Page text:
The $14 billion Vivendi Universal deal opens a new world for Jeff Zucker. As the company finds ways for the studio to fuel its various networks, the deal catapults him into cable's big leagues with control of top-ranked USA Network and Sci Fi Channel. With Universal Television, NBC gets what all of its broadcast rivals have: a substantial TV-production operation and library. Zucker and Universal Studios President Ron Meyer sat down with
Deputy Editor John M. Higgins to talk about how they'll weave USA and Sci Fi into NBC and how they plan to avoid mistakes made by other media giants.
NBC's track record with other TV properties is mixed. MSNBC, CNBC declining, Pax…
Zucker: That's totally unfair. Quite frankly, Bravo has been a big success, and Telemundo has had a huge turnaround. CNBC has actually been a huge asset for this company. Clearly, we've struggled with MSNBC, there's no two ways around that. Things have improved there a little bit under [President/GM] Rick Kaplan's new leadership. We've actually had a lot of success, and it's one of the reasons we have a lot of confidence going forward.
So what's the interplay among Sci Fi, USA, and NBC?
Zucker: Clearly, NBC and USA have the most overlap. Sci Fi is more of a specific niche. You will see overlap between NBC and USA, and you may see some joint development. Jeff Gaspin is going to oversee the development of movies and miniseries and reality for both networks.
Clearly, our ability to promote both USA and Sci Fi on NBC with on-air promotions or perhaps with exposing some of the programs the way we did with Queer Eyeon the TV network offers real opportunities. These are going to be our goals and challenges in the year ahead, to make the most use of the power of the NBC TV network.
Bravo improved right out of the gate. But that's easier to do with a network scoring 0.2 Nielsen households than with a 2.0 network like USA.
Zucker: That's a very valid point. USA is the No. 1 cable network, and Sci Fi has also had a tremendous year. What we can do is try to help continue to grow those networks. I'm not trying to pretend that we can double the size of the audience at either USA or Sci Fi. But if we can help at the margins, help expose their programs, and help with promotion, we can continue to grow those networks in a very satisfying way.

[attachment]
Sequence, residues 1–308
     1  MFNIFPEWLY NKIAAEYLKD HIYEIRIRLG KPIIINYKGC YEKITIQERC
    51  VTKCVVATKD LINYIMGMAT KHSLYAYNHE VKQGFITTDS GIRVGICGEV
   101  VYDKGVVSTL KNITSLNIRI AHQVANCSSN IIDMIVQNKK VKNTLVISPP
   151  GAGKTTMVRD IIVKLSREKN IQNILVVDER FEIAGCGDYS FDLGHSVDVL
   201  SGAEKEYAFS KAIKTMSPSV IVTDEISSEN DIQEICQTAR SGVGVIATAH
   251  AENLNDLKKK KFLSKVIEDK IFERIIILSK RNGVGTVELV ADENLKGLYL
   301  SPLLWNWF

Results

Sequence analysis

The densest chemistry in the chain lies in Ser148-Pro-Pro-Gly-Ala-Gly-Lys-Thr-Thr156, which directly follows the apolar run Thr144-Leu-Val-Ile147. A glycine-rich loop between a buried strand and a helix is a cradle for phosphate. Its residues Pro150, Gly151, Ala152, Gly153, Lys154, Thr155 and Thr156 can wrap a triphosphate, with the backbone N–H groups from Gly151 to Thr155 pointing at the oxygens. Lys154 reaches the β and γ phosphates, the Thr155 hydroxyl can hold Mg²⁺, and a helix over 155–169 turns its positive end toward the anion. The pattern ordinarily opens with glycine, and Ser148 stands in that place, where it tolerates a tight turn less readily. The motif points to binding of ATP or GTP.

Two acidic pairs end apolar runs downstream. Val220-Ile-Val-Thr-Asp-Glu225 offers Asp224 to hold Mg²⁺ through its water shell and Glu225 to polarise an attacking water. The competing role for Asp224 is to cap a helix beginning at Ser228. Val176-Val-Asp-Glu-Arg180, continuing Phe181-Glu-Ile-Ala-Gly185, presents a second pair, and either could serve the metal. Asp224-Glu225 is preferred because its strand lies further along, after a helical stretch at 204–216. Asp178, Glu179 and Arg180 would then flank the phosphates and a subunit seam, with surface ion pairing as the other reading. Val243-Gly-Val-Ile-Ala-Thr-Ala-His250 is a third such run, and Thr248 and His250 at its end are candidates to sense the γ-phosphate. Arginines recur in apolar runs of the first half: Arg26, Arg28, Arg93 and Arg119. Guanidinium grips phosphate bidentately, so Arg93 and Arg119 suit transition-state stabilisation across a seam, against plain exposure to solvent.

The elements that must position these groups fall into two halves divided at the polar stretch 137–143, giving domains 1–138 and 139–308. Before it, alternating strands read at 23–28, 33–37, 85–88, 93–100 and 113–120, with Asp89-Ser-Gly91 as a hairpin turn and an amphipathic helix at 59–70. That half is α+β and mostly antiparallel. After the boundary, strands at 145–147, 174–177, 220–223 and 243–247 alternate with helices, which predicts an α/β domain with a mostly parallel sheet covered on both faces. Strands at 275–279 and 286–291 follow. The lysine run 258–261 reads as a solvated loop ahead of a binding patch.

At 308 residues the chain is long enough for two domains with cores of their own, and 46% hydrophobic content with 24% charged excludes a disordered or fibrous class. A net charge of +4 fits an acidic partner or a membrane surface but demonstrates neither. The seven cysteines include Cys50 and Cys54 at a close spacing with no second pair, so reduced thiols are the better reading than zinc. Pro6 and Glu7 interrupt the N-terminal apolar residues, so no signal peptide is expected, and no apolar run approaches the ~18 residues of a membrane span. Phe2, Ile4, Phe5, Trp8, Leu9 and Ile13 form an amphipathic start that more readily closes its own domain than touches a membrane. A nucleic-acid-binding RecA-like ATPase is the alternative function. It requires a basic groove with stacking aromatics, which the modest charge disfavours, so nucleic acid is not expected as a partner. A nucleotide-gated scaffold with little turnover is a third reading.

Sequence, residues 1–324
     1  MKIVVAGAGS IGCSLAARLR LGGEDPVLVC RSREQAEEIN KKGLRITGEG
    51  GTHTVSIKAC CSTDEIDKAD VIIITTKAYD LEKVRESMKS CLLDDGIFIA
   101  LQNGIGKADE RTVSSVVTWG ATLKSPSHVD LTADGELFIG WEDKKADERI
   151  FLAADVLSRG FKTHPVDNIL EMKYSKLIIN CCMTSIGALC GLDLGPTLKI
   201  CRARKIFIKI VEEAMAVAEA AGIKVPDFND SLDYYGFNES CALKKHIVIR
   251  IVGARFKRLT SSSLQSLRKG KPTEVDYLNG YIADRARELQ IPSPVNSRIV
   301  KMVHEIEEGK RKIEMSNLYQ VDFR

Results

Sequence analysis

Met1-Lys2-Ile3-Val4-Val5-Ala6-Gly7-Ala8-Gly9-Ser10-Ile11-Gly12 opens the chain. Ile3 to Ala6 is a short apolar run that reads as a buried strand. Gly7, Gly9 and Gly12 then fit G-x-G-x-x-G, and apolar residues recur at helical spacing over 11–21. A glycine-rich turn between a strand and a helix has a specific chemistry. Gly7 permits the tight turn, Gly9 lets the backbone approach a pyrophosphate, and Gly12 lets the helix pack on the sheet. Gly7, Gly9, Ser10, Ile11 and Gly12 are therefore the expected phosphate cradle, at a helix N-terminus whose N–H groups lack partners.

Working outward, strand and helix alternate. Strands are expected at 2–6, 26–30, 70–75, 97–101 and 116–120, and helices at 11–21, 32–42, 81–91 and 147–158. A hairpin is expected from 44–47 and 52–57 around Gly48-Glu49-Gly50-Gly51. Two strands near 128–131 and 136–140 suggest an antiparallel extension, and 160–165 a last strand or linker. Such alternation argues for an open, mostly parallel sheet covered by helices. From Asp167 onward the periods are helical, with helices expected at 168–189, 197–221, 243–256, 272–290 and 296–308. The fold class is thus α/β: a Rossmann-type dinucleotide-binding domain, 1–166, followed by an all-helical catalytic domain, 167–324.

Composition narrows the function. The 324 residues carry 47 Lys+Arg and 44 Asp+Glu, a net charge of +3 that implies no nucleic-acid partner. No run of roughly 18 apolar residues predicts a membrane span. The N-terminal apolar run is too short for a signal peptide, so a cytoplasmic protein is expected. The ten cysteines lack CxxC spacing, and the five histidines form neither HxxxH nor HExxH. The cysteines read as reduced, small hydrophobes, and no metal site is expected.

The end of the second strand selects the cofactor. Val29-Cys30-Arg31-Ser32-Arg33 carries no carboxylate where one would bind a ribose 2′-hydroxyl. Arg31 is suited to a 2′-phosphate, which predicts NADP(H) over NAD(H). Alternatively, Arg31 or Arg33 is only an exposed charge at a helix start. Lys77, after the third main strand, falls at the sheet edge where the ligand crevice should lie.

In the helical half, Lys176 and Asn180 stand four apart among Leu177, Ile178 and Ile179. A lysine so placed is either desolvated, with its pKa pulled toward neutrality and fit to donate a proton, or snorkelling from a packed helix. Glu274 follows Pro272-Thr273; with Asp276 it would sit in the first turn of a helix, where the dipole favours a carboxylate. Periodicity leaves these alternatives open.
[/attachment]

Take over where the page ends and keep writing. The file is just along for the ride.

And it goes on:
So will the promotion be occasional or something you do all the time?
Zucker: We'll have to feel our way through what is right and when. We're going to have a huge master grid of what the priorities will be at any one time. And the priority may be at Bravo, USA, or Sci Fi. It may be NBC and the launch of the new fall season, or the launch of the new John McEnroe show in CNBC prime time. Clearly, this is something we've proven we have expertise at and we're pretty good at. Balancing all of that I see as one of my main jobs, making choices and priorities.
What lessons do you take from ABC and CBS as far as what they did and didn't integrate?
Zucker: Certainly, our experience with both Bravo and Telemundo gives us great confidence here. Bravo is a fully integrated part of the NBC Entertainment Unit. That's one of the reasons it has had a lot of success.
USA and Sci Fi are going to be fully integrated into our television group and will receive the same amount of attention as anyone else will. That's why it has worked: When we say we're going to cross-promote something or put it on NBC, it happens. We don't have different captains fighting for different things like the other networks have. The ability to merge cable and network properties under one umbrella is unique to NBC.